A battle is brewing over big-dollar remittances
In the combative U.S.-to-India remittance corridor, Seattle-based Remitly just raised its game by increasing its daily transfer limits to $30,000 and hiring a Bollywood actor, R. Madhavan, as its brand ambassador.
Remitly’s moves are clearly in response to the growing competitive pressure being placed in a key U.S. outbound corridor. On June 4th Xoom (a unit of PayPal) increased its daily transfer limit to $25,000 to 50 countries including India, Canada, the U.K. and the Philippines.
Additional pressure comes from digital cross-border specialists that have made significant inroads to the U.S. market. These include WorldRemit, which received its New York money transmitter license just this March, and TransferWise, which cut its fees last November in response to the heating up of global competition. Both companies are based in London.
“The market is competitive and providers compete on not just price but brand trust, ease of use, transfer amounts and transaction speed” noted Sarah Grotta, director, debit and alternative products of Mercator Advisory Group.
The U.S.-to-India remittance corridor represents an almost $11 billion annual payment flow according to the Pew Research Group. This makes it the third largest U.S. outbound remittance corridor after Mexico and China.
The U.S. to India corridor has been very successful for Remitly, which likely wants to defend it market share.
“We launched our service in India in February 2015 in order to help India's hard-working overseas community have a secure, fast, and affordable way to send money back home," said Josh Hug, co-founder and COO of Remitly. "As a part of that mission, we've launched an industry-first same day $30k send limit to ensure our customers are able to send more when they need to."
It should be noted that for consumers to access these higher daily transaction limits, remittance companies are required by law to collect critical KYC information such as Social Security numbers, addresses and copies of government issued IDs. These enable companies to identify consumers, cross-check against appropriate Treasury SDN and OFAC lists as well as provide the necessary government reporting.
There are two major trends that are shaping the remittance industry, prompting companies such as Xoom, Remitly, and even Ant Financial — which tried to purchase MoneyGram last year — to build or consolidate their market share positions.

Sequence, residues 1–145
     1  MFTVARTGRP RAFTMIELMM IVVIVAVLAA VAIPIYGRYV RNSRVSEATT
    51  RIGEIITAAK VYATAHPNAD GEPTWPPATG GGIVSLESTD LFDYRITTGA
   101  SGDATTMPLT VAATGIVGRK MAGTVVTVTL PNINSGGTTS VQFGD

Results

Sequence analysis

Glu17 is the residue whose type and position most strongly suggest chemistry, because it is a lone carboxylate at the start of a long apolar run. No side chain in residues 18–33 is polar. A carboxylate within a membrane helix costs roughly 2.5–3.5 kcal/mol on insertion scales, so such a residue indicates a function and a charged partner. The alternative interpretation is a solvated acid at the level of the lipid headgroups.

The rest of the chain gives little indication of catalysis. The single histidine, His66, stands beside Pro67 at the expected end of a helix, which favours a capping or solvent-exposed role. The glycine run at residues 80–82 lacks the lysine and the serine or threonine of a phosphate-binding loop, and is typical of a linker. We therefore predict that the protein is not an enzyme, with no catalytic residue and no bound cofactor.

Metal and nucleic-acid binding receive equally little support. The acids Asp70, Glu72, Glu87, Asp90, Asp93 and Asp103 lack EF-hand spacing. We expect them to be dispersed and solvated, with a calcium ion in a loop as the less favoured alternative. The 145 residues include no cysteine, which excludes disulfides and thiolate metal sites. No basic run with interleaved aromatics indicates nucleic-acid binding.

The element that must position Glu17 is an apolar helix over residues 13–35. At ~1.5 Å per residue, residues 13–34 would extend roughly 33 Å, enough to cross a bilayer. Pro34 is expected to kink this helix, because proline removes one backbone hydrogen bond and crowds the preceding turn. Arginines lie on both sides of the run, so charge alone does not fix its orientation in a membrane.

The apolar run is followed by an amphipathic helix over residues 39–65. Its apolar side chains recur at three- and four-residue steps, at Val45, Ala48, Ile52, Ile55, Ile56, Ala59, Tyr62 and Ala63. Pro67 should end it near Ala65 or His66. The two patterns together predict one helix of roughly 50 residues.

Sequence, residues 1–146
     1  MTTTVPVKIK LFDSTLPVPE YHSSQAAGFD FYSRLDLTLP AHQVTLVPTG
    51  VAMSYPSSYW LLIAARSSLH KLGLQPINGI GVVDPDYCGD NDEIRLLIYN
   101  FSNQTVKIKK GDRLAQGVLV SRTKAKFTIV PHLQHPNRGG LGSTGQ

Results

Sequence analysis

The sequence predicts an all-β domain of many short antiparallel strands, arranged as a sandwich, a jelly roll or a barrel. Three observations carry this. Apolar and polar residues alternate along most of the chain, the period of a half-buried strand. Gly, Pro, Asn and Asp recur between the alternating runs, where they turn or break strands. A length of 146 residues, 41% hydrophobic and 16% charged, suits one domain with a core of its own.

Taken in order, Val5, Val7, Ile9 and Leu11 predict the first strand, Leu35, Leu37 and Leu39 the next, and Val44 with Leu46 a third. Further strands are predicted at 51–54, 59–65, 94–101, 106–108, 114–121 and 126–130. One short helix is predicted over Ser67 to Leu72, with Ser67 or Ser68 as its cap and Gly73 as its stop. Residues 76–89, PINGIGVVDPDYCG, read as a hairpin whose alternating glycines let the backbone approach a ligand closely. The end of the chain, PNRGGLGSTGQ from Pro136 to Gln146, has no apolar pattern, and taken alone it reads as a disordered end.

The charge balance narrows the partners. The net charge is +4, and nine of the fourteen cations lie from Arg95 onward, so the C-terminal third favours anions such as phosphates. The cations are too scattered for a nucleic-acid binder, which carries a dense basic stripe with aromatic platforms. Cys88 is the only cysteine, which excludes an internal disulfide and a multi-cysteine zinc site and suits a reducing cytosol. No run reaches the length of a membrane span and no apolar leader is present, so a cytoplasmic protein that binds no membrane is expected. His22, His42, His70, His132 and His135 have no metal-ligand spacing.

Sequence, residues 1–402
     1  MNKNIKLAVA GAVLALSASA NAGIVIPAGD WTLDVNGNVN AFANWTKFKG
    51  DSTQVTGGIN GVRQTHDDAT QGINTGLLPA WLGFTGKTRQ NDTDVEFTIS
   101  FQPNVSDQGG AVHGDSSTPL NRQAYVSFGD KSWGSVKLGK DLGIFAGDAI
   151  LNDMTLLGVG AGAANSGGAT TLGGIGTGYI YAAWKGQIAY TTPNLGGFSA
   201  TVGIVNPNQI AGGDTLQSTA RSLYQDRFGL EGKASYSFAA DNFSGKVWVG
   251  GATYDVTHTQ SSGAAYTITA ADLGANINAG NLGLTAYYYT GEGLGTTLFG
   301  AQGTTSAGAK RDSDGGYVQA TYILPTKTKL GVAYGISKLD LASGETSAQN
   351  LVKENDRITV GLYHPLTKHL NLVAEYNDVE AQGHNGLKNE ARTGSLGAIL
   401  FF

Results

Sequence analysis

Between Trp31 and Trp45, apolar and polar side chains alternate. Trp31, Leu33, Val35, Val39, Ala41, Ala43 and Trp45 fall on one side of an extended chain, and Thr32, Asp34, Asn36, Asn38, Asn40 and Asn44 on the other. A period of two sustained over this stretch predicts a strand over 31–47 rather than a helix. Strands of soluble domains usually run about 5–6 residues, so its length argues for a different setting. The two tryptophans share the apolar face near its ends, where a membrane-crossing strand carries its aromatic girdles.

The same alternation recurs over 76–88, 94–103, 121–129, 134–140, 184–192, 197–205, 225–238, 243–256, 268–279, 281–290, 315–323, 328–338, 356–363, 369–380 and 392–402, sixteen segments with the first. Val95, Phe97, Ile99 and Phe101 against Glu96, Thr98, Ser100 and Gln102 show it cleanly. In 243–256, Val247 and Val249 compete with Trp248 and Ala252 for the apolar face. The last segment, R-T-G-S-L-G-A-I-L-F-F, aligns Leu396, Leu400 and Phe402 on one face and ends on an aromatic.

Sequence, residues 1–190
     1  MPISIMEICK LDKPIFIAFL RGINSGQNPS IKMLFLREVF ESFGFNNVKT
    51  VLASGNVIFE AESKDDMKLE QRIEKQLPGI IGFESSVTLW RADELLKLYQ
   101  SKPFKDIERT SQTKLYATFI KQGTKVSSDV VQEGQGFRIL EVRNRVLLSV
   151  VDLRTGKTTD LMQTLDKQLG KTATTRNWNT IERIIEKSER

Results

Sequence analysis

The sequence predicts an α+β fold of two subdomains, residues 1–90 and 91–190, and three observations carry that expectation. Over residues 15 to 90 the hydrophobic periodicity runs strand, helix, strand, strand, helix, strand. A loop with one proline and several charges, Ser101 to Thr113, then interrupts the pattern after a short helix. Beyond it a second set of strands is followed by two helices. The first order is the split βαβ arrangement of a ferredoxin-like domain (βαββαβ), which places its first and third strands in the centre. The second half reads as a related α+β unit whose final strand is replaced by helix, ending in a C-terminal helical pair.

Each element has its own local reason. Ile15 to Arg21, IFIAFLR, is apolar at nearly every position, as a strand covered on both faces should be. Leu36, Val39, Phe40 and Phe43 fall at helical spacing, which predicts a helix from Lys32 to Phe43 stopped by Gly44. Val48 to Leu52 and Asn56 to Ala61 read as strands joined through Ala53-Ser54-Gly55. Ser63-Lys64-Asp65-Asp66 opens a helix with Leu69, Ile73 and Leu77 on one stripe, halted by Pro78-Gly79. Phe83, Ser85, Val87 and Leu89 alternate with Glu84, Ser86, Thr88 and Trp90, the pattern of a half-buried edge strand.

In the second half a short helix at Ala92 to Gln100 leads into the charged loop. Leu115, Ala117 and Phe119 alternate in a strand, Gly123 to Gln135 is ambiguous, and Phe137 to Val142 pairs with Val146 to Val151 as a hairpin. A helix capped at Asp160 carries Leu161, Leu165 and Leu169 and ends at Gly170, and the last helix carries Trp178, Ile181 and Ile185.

First, the payment volume of remittances is on the rise as the global economies continue to thrive. According to the World Bank, the volume of global remittances is expected to reach $642 billion in 2018, up from $613 billion in 2017 which is almost 5% growth. The single largest recipient country in 2017 was India which took in $69 billion, followed by China ($64 billion), the Philippines ($33 billion) and then Mexico ($31 billion).
The second major factor is that the market remittances being sent from the U.S. are going through a digital transformation and very likely globally as well. Using mobile phones to send money cross-border provides consumers with not only greater convenience to send remittances, but also allows recipients greater ease to choose how they want the funds to be disbursed.
"The remittance market is moving digital," Grotta said. "The availability to the internet through a variety of devices, particularly mobile has increased the competitive nature of international remittances."
Now there are several major digital-only competitors including Remitly, Xoom, TransferWise, Azimo, WorldRemit and WorldFirst that leverage not only mobile apps, but also social media. Also, the major money transmitters such as Western Union and MoneyGram have their own mobile apps to complement their agent networks.
Funding for the digital-only remittance startups has been flowing freely in recent years, attracting high level VC investors.
Xoom raised $104.3 million in seven rounds of funding before being acquired by PayPal for $890 million. Remitly has raised $200 million in capital raised in eight funding rounds according to Crunchbase, a website that tracks capital raised by fintech startups. In its most recent round, Remitly raised $115 million in October 2017 to accelerate its global expansion. Investors include Bezos Expeditions (Jeff Bezos’ personal venture capital investments), Silicon Valley Bank, DN Capital and PayU (a division of Naspers).